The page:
Deep XMM-Newton observations of the northern disc of M31. II. Tracing the hot interstellar medium
Astronomy and Astrophysics
Aims. We use new deep XMM-Newton observations of the northern disc of M 31 to trace the hot interstellar medium (ISM) in unprecedented detail and to characterise the physical properties of the X-ray emitting plasmas. Methods. We used all XMM-Newton data up to and including our new observations to produce the most detailed image yet of the hot ISM plasma in a grand design spiral galaxy such as our own. We compared the X-ray morphology to multi-wavelength studies in the literature to set it in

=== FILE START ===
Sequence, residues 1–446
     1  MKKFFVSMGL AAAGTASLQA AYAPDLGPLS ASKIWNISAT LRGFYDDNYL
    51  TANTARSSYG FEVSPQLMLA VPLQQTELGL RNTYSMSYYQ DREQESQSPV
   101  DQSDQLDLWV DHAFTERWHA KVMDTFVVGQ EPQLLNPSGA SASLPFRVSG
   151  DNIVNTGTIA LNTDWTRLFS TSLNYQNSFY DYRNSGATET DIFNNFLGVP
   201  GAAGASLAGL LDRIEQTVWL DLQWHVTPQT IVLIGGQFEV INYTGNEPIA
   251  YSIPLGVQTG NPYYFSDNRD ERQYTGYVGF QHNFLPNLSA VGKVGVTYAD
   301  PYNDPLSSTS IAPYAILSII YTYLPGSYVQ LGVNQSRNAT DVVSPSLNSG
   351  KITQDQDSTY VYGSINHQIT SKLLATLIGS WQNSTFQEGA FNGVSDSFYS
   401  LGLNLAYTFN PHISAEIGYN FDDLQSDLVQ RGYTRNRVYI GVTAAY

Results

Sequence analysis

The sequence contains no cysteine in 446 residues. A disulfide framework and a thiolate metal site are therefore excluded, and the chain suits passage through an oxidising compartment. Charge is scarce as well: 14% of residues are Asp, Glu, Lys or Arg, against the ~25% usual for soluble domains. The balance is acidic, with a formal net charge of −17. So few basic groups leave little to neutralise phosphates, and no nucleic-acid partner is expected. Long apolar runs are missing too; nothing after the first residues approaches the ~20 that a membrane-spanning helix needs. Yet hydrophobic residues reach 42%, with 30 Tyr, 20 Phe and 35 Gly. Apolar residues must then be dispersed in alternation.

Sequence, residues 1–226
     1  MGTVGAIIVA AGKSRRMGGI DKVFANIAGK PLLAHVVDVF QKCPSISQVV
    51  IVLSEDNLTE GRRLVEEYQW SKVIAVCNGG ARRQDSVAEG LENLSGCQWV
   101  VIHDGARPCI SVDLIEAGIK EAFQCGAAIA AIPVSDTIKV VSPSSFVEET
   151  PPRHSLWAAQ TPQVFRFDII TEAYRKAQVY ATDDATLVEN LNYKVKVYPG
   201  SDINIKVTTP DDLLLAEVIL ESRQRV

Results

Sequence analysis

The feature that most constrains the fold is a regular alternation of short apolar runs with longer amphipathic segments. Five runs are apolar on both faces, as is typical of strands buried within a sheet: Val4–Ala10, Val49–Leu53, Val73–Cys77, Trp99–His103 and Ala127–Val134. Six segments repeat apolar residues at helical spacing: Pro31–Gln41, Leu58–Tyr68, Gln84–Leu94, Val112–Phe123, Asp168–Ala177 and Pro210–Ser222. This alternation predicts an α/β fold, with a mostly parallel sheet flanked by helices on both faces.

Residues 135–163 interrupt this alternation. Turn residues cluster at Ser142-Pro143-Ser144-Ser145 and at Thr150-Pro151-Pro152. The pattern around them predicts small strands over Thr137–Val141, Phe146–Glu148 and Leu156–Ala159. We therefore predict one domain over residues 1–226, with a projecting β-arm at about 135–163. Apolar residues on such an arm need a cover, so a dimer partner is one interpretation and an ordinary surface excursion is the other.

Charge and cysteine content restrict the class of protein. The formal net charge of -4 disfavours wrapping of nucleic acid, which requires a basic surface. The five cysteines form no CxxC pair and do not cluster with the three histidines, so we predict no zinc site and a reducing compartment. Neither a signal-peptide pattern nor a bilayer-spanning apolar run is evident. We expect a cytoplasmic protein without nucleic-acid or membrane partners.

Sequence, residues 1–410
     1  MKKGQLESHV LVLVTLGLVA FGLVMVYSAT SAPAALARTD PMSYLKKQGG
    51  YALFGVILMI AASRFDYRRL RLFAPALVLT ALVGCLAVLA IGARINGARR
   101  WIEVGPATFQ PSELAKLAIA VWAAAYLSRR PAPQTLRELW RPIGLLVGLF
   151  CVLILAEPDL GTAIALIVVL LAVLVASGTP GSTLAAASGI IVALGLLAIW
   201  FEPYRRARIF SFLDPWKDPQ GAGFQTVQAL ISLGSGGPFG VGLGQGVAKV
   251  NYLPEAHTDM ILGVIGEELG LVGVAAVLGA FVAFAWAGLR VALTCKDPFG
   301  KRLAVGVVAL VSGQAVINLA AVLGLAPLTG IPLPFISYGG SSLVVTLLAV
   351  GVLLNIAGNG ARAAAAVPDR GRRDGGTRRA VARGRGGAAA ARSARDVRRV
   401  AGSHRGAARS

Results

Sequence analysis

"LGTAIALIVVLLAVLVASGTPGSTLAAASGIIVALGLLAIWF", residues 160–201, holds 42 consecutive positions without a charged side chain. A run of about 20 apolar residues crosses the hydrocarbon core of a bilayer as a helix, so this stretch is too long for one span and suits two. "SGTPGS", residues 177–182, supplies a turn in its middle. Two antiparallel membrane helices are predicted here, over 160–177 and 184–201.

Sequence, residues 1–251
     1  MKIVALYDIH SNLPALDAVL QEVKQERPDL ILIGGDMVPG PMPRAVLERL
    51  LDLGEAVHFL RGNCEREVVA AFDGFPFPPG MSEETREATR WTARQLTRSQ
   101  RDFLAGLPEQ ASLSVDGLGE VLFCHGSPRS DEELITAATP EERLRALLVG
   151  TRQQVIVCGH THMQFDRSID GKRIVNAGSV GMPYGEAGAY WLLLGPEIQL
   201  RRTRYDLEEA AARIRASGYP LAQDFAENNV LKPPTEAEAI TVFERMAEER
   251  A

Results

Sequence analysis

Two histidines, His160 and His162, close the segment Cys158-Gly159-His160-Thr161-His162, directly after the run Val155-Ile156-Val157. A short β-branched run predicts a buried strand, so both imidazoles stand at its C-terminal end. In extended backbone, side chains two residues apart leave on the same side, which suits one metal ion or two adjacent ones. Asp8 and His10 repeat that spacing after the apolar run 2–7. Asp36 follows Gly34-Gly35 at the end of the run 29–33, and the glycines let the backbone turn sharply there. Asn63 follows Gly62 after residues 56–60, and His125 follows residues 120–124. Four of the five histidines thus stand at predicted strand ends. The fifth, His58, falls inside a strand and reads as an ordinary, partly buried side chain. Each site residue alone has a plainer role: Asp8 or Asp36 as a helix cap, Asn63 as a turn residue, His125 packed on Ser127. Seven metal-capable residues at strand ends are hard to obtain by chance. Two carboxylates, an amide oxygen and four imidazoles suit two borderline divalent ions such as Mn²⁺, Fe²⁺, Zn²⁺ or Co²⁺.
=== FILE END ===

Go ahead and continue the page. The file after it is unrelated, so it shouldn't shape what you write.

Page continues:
... ure to set it in the context of the multi-phase ISM. We performed spectral analyses on the extended emission using our new observations as they offer sufficient depth and count statistics to constrain the plasma properties. Data from the Panchromatic Hubble Andromeda Treasury were used to estimate the energy injected by massive stars and their supernovae. We compared these results to the hot gas properties. Results. The brightest emission regions were found to be correlated with populations of massive stars, notably in the 10 kpc starforming ring. The plasma temperatures in the ring regions are ∼0.2 up to ∼0.6 keV. We suggest this emission is hot ISM heated in massive stellar clusters and superbubbles. We derived X-ray luminosities, densities, and pressures for the gas in each region. We also found large extended emission filling low density gaps in the dust morphology of the northern disc, notably between the 5 and 10 kpc star-forming rings. We propose that the hot gas was heated and expelled into the gaps by the populations of massive stars in the rings. Conclusions. It is clear that the massive stellar populations are responsible for heating the ISM to X-ray emitting temperatures, filling their surroundings, and possibly driving the hot gas into the low density regions. Overall, the morphology and spectra of the hot gas in the northern disc of M 31 is similar to other galaxy discs.